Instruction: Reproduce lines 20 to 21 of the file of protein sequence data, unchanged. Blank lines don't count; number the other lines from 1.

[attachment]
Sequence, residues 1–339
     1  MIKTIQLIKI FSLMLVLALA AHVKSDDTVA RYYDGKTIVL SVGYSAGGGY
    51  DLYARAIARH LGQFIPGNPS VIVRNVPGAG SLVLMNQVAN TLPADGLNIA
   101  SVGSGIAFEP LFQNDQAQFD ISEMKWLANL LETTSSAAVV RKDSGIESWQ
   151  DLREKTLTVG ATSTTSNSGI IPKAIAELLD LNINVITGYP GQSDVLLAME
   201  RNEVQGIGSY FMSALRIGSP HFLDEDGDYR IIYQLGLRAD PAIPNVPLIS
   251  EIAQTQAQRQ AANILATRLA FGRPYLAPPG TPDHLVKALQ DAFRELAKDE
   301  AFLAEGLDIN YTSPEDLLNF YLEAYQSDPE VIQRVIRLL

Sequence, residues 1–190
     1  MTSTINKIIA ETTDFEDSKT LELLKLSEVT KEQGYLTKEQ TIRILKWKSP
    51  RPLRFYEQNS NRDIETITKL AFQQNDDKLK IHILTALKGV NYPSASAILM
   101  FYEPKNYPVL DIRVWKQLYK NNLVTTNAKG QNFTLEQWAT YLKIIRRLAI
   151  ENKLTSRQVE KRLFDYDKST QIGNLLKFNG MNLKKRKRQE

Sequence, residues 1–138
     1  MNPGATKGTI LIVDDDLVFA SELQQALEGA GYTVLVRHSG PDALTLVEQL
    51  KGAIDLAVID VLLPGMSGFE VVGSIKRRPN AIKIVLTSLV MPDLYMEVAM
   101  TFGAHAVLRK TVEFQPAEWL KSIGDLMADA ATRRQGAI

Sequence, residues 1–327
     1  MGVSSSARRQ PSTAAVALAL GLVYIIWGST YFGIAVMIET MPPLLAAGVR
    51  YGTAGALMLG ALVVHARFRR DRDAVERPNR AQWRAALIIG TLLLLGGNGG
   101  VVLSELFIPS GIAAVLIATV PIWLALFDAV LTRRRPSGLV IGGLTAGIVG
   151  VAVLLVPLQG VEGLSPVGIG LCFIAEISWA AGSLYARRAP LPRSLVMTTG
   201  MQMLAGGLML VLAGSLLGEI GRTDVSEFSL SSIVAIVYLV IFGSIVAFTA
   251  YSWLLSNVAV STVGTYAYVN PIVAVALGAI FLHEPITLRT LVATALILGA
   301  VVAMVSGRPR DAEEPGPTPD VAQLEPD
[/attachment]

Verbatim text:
    51  YGTAGALMLG ALVVHARFRR DRDAVERPNR AQWRAALIIG TLLLLGGNGG
   101  VVLSELFIPS GIAAVLIATV PIWLALFDAV LTRRRPSGLV IGGLTAGIVG